Aspen Princess: Chasing The Aspen Idea through another ‘wellness’ run
The Aspen Princess
A friend of mine recently posted an article from The New York Times about the wellness industry and how it’s basically a big marketing scheme that targets entitled white women.
Here in Aspen, we are all about wellness. It’s not just an industry here — it’s a lifestyle. There’s a whole culture surrounding this concept of “self care,” which is really just a phrase that has been coined by entitled white women so we can be totally selfish and then be able to justify it.
You could even argue that an entire culture has evolved from the idea of wellness, and that Aspen has been on the forefront of this concept long before it became a trend. Still, it’s everywhere, from that bag of gluten-free potato chips (potato chips have been gluten free, hello) to grossly overpriced athleisure labels who can now charge a hell of a lot of money for a pair of glorified tights.
But I have to admit, this article got to me. It made me immediately defensive, especially the idea that much of wellness is based on pseudoscience. I have learned in numerous ways that what you eat has a huge impact on your health.
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But out here in the world, we are bombarded even with all these trending diets. Everything is gluten-free this, vegan that, Paleo or Keto. These are elimination diets that cut out foods that are deemed bad for us. Then comes a slew of products that meet the requirements of said diet, but who’s to say they’re any healthier than what we started with?
It has occurred to me on more than one occasion that it’s absolutely ridiculous that we have the luxury to eat in these highly discriminating ways when there are people starving in the world. It’s also occurred to me that it’s super annoying when you’re out to dinner with that girl that spends 20 minutes requesting all kinds of substitutions not because she has any real allergies, but because she wants to be able to continue to squeeze into a size 4.
On the other hand, I have learned enough to understand there is a lot of toxicity in our food and it does make sense to try and avoid it. But let’s be honest: my biggest motivator has always been to look good and to squeeze into a size 4 (all right, 6). Why sugar coat it?
As I get older though, my health has almost (but not quite) eclipsed my vanity. Having a baby at the late age of 45 created a few problems. That pesky gestational diabetes came back — a check-up last year revealed that my average blood sugar was too high. I also have some issues around hiatal hernia — the result of my stomach having been stretched from pregnancy and now putting pressure on my diaphragm, a condition that gets painful if I eat too much sugar. There’s also the little problem of being 10 pounds heavier now than I was in my early 40s. It seems as though we gain about 10 pounds for every decade after the age of 30. The women I know who are in their 50s, 60s and 70s and are still thin achieve that by not eating very much at all.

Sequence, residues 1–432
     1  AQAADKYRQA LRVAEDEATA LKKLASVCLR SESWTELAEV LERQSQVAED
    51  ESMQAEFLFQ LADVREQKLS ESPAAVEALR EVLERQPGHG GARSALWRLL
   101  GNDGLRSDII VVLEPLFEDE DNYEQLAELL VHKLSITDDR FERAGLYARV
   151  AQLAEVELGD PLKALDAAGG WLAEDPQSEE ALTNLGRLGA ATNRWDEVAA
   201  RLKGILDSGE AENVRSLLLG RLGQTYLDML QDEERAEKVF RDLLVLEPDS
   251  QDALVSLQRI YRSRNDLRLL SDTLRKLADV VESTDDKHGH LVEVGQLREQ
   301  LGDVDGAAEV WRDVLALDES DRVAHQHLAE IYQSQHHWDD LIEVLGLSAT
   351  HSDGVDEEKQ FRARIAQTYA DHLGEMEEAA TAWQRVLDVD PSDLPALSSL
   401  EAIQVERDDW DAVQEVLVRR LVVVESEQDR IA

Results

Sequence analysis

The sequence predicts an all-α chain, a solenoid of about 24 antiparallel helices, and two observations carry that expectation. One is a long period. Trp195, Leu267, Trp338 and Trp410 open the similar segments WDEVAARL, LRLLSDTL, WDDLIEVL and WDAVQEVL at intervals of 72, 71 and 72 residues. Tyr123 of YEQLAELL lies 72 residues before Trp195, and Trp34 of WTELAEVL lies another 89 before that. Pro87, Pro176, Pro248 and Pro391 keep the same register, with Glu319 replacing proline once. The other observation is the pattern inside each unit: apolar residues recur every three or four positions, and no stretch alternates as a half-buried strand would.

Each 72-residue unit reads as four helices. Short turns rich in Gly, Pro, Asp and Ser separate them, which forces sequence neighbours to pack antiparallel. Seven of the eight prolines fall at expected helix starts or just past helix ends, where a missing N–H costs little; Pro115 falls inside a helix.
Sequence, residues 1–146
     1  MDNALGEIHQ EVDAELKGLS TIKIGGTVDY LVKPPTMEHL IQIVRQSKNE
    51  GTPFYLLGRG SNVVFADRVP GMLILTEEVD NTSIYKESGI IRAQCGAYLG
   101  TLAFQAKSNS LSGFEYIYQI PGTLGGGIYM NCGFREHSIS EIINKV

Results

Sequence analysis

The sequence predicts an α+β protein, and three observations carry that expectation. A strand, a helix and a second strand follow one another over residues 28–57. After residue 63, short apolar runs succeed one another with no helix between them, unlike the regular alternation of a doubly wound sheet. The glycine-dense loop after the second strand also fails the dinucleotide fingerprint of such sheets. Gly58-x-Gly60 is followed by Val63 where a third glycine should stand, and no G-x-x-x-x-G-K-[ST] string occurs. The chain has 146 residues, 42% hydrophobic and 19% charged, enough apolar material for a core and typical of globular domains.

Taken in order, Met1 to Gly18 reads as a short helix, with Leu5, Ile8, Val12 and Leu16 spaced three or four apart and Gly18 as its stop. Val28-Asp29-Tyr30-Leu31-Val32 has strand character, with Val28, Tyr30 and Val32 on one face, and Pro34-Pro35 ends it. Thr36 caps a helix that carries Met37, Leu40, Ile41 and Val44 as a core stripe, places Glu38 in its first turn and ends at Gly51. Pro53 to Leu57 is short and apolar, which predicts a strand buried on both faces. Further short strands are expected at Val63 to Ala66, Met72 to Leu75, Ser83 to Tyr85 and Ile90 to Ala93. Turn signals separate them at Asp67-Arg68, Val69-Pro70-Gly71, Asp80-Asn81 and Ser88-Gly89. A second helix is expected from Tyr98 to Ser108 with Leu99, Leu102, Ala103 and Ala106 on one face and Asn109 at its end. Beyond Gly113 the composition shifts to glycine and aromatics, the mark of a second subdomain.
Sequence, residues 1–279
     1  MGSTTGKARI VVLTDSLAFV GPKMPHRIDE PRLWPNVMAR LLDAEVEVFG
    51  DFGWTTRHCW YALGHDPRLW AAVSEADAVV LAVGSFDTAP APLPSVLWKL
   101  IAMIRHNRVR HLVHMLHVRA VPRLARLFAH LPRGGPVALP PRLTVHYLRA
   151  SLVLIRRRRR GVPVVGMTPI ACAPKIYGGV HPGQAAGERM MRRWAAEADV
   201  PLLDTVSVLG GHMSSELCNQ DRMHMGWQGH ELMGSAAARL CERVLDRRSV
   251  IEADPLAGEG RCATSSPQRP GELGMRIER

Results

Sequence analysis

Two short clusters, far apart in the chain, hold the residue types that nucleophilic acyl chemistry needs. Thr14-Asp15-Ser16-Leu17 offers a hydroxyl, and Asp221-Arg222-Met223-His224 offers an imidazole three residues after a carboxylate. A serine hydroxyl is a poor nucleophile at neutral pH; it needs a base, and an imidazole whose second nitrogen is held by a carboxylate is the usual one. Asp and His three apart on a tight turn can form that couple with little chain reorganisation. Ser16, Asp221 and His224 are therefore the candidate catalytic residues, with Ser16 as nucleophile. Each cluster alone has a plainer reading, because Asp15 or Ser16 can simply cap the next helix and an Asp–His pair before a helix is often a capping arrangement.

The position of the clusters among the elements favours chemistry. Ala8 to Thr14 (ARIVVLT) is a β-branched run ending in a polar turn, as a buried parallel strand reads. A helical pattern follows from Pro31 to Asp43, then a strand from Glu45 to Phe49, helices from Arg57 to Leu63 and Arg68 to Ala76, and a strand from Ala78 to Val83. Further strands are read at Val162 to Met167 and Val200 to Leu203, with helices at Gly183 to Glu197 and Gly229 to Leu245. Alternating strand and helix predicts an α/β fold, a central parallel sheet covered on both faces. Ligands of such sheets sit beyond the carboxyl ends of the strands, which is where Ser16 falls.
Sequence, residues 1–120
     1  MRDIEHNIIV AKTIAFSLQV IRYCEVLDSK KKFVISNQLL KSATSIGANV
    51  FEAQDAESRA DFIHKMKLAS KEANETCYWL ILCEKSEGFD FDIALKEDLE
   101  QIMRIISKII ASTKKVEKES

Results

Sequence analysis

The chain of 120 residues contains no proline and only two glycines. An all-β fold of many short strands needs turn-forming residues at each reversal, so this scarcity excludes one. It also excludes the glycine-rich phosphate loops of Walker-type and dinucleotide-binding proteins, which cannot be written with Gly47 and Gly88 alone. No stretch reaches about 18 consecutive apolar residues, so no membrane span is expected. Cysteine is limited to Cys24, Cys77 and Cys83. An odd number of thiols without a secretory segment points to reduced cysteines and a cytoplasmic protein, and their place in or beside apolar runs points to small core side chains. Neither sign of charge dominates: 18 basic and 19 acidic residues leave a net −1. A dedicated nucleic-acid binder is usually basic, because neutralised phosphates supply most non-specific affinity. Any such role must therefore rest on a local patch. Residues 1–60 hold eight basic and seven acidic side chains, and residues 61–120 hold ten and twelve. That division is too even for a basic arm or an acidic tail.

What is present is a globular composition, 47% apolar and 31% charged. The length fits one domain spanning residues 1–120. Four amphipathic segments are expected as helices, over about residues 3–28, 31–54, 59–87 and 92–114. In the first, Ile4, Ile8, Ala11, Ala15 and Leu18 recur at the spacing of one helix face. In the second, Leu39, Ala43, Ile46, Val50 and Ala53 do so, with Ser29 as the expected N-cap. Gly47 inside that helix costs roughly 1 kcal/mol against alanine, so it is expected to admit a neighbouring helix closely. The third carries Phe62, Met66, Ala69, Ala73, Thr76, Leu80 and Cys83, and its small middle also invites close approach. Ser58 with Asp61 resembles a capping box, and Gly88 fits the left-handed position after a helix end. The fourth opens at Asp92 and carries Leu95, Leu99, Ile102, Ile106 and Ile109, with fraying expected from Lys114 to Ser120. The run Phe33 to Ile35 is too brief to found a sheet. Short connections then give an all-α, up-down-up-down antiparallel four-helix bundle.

I once asked my friend Dana how she stays so thin in her late 60s. She leaned closer and whispered in a conspiratorial tone, “I’m always hungry.”
There’s also the pressure of living in Aspen, a place where people are not only beautiful but also high-achieving in everything they do, especially when it comes to athletic prowess. Set foot into any fitness studio and you’re bound to find a majority of well-coiffed, well-dressed, artificially young-looking people who are extremely fit and extraordinarily thin.
My friend had posted this article after I had just signed up to do a 30-day cleanse through a multi-level marketing company that sells nutritional products. For a cool $300, I’d ordered a month worth of this company’s various powders and teas that would help me detoxify and lose weight.
I’d done this program once before and lost 14 pounds. Over time though, once I started eating actual food again, the weight creeped back on. The box arrived late, several days after the start date to the group cleanse. Still, I’d peruse the private Facebook page that had been set up as an online support group, and discovered people were mostly interested in finding products that were cleanse approved.
“Check out this amazing breakfast I had this morning,” one wrote. “A gluten-free bagel with eggs, tomatoes and avocado. You don’t have to feel deprived.”
Below that were a series of comments about how the gluten-free bagels were actually chock full of ingredients that weren’t allowed on the cleanse.
Then there were the comments about how the company’s various cleansing products were causing bloating and abdominal discomfort, followed by more comments about how to use the company’s other products to counteract the side effects caused by their products in the first place. “You should double the amount of the fiber powder to help with the bloating caused by the protein powder,” one wrote.
It occurred to me that a lot of these people were missing the point. Yes, a month spent guzzling various protein drinks, fiber formulas and detox teas might help generate a little weight loss, but you can’t live that way forever. You also have no idea what those products are really made of, unless you take them to a lab to be tested. When the box finally came, I sent it back.
I realized maybe that article had a point. Wellness is an industry, and us Aspenites are precisely its target market. I guess it’s a matter of truly understanding what The Aspen Idea of mind, body, spirit is all about. I guess I’m lucky enough to spend the rest of my life trying.
The Princess is eating vegan this month. Email your love to firstname.lastname@example.org.
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